The General Assembly passed a bill Friday that would change how Connecticut’s family court system operates when it comes to contested child custody cases.
The bill gets one step closer to reforming how guardian ad litems, who are appointed in custody cases to represent the minor children, operate in the family court system. It passed passed 35-0 in the Senate and 129-0 in the House and is headed to the governor’s desk.
“This in the minds of some people will be viewed as a minor step or a small step, but considering all of the parties that came together to gather around the table and hammer out these issues I believe it is a significant step forward,” Sen. Eric Coleman said. “I have confidence and optimism that it will serve to improve and alleviate some of the complaints that have been raised and brought to the Judiciary Committee.”
The bill brings transparency to the billing practices of guardian ad litems by requiring the court to call for one and it says if a parent is unable to pay the fee they would be prohibited from using a child’s college savings fund or ordering payment from credit card accounts. In contentious cases it also allows the parties to choose a guardian ad litem from a list of 15 presented by the court.
In addition, the bill gives the parents standing to file a motion to remove a guardian ad litem or attorney for the minor children. That was a provision that advocates for reform insisted upon, Coleman said.
The bill does not cap the amount a guardian ad litem would be able to charge.
Sen. John Kissel, the ranking Republican on the Judiciary Committee, said that when a public hearing on the issue starts at 10 a.m. and ends at midnight, legislators need to take notice.
Lawmakers heard about how family court in some areas of the state was “incestuous,” Kissel said. “There was self-dealing and bills were generated in the tens of thousands of dollars. And people lost their homes, their retirement accounts, college funds.”
“How at the end of the day can a system that does that to people be working in the best interest of children? It can not,” Kissel said.
Kissel and others recognized Rep. Minnie Gonzalez of Hartford for all her hard work on the issue. Gonzalez took up the cause of the parents who felt they had been financially damaged by their guardian ad litem. Gonzalez was able to use the nomination of Judge Leslie O’Lear to draw even more attention to the issue and it was that closer than usual vote in February that got interested parties to the table.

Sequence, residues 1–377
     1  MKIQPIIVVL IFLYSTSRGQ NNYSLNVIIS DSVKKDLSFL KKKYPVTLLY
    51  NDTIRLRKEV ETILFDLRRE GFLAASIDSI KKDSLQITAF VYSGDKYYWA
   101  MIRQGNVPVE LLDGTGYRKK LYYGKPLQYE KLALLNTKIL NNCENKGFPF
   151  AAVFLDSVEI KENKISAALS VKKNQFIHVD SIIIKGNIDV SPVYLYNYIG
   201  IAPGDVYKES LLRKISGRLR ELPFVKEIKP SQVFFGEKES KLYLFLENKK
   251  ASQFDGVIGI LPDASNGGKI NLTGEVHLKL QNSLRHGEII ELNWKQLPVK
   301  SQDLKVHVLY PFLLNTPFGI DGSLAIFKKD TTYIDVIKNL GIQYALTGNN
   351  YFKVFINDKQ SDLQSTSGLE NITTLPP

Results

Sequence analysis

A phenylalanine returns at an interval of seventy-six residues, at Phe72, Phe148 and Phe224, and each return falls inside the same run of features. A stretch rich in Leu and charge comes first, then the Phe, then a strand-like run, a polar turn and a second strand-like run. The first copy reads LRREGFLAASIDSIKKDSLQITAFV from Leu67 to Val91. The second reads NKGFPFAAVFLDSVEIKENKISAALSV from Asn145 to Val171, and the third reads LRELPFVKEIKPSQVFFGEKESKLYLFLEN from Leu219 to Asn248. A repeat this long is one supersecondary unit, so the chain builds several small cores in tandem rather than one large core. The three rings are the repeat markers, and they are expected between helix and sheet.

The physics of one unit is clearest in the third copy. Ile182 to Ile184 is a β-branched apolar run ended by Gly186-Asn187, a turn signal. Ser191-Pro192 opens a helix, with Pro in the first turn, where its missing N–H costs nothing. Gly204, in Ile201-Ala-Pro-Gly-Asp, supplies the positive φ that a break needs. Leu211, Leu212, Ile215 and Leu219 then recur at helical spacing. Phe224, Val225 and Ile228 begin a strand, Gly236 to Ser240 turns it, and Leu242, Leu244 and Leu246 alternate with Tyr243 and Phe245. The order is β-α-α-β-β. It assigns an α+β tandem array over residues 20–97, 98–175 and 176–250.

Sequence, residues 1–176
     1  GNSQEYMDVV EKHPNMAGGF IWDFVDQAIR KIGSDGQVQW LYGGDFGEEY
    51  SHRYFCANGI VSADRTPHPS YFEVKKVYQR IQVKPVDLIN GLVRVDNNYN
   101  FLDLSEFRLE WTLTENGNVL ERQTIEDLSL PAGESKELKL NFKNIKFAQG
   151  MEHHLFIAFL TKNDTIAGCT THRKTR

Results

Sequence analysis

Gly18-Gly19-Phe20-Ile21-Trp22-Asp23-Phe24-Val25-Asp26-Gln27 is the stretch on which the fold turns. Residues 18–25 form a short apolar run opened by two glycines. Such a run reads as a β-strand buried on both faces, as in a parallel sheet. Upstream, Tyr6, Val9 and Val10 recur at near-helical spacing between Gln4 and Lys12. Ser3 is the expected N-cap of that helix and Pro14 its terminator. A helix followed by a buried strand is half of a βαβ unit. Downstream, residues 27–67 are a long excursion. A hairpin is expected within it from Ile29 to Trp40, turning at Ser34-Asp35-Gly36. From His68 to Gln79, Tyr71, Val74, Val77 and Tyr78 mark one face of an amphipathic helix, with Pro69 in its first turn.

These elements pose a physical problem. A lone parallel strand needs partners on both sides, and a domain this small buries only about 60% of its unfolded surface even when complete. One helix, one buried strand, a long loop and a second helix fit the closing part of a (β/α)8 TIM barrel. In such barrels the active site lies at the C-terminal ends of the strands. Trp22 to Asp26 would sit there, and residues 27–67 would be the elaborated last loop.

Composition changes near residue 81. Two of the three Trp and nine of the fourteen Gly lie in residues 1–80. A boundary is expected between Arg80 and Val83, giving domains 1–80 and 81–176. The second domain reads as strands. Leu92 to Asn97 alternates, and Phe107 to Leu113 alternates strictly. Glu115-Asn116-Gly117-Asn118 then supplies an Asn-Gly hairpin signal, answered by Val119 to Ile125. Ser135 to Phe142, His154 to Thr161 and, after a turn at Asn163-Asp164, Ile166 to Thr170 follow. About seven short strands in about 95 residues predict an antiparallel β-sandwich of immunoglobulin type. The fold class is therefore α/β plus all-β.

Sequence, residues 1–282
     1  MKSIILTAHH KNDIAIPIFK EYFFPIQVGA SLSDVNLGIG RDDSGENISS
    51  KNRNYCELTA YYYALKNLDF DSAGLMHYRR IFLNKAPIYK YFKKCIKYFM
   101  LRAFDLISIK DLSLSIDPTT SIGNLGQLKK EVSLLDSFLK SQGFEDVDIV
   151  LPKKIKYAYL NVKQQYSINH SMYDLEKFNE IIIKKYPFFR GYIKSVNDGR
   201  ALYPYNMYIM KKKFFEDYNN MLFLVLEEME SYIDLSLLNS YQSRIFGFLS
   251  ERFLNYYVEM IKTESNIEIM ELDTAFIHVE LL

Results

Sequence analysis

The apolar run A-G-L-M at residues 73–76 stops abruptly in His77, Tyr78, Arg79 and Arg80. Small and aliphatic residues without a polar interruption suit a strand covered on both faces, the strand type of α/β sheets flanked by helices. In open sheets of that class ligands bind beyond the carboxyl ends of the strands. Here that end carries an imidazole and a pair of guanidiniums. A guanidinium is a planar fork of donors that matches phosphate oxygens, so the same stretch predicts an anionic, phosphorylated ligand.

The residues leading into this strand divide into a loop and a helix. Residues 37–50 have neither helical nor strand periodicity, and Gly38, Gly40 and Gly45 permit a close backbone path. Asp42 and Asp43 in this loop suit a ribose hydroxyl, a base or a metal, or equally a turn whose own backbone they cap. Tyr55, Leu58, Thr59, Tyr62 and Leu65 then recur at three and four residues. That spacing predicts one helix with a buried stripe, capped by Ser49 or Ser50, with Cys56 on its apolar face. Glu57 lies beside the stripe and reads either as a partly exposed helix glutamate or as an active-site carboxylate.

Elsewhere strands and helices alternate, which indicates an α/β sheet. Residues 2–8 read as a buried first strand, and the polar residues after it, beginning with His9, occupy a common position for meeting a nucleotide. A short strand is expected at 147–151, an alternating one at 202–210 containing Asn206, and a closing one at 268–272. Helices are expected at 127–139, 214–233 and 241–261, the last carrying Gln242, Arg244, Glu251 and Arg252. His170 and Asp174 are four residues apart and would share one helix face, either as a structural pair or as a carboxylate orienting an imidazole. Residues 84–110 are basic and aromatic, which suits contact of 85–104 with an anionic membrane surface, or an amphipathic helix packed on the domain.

Gonzalez said she invested four years of her life in getting to understand the issues regarding the guardian ad litems and trying to bring changes to the family court system. She said she recognizes that at time she gets very emotional over the issue and thanked her Republican colleagues for all their help on moving the bill forward.
She said it’s not far that parents are being asked to pay outrageous fees without question. She said some of these parents lose their cases and their children and are left with nothing. She said some have ended up homeless or on government assistance. She said the sheer amount of similar complaints pointed to a problem that the judicial branch didn’t want to address.
“I am confident that the judicial branch gets it,” Kissel said. “. . .These matters have caught the attention of the legislative branch in a huge way.”
Kissel said this was a first good step, but it’s just a first step down the road of reforming the family court system.
Outgoing Sen. Minority Leader John McKinney, R-Fairfield, said during his last legislative session “this was the only bill I wanted to see passed.”
“I think this is positive steps in the right direction, but falls short of where we will be to reform a system that needs a lot of change,” McKinney said.
Rep. Ed Vargas, D-Hartford, said he hopes the bill will go a long way toward correcting the abuses in the system.
The bill requires the judicial branch to come up with a code of conduct for guardian ad litems, which will be completed shortly after the bill goes into effect.